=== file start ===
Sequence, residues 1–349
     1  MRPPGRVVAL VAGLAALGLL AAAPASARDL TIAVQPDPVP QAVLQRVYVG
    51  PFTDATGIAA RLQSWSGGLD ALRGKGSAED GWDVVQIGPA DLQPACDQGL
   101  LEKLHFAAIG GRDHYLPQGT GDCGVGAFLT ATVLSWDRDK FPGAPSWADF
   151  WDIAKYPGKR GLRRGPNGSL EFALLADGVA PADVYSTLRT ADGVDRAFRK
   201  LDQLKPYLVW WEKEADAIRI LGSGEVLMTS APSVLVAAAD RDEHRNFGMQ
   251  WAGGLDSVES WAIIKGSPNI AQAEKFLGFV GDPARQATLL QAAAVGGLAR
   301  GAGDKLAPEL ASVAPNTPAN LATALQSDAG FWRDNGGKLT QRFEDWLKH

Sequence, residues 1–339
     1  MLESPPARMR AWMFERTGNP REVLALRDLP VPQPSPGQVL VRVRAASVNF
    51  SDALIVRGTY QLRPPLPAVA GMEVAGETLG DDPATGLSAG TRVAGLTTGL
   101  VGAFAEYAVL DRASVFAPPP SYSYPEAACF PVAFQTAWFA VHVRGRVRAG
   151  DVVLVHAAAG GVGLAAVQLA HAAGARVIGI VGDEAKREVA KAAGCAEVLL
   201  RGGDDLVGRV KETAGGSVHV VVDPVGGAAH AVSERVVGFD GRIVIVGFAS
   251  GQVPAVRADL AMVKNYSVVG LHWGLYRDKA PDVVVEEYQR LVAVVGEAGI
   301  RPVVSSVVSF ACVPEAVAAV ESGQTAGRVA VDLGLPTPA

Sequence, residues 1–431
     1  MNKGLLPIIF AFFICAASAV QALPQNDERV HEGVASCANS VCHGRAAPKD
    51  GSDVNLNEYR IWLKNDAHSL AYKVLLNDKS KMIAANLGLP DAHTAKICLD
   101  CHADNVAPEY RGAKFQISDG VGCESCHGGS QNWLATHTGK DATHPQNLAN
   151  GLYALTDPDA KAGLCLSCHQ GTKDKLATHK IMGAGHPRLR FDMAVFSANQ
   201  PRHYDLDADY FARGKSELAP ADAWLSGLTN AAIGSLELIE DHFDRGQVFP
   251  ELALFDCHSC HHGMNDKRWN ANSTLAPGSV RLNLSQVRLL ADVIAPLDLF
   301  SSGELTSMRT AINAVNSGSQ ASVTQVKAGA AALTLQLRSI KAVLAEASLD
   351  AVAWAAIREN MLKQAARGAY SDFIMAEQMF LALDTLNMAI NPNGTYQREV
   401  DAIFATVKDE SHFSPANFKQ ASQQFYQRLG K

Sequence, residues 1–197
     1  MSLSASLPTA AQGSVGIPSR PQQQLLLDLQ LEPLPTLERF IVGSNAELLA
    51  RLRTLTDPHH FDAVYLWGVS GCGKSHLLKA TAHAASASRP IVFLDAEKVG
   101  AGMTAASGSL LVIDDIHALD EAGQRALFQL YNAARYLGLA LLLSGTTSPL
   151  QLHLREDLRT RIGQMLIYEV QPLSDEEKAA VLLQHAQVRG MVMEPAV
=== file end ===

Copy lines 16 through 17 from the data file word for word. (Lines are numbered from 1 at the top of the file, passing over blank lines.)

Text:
   301  RPVVSSVVSF ACVPEAVAAV ESGQTAGRVA VDLGLPTPA

Sequence, residues 1–431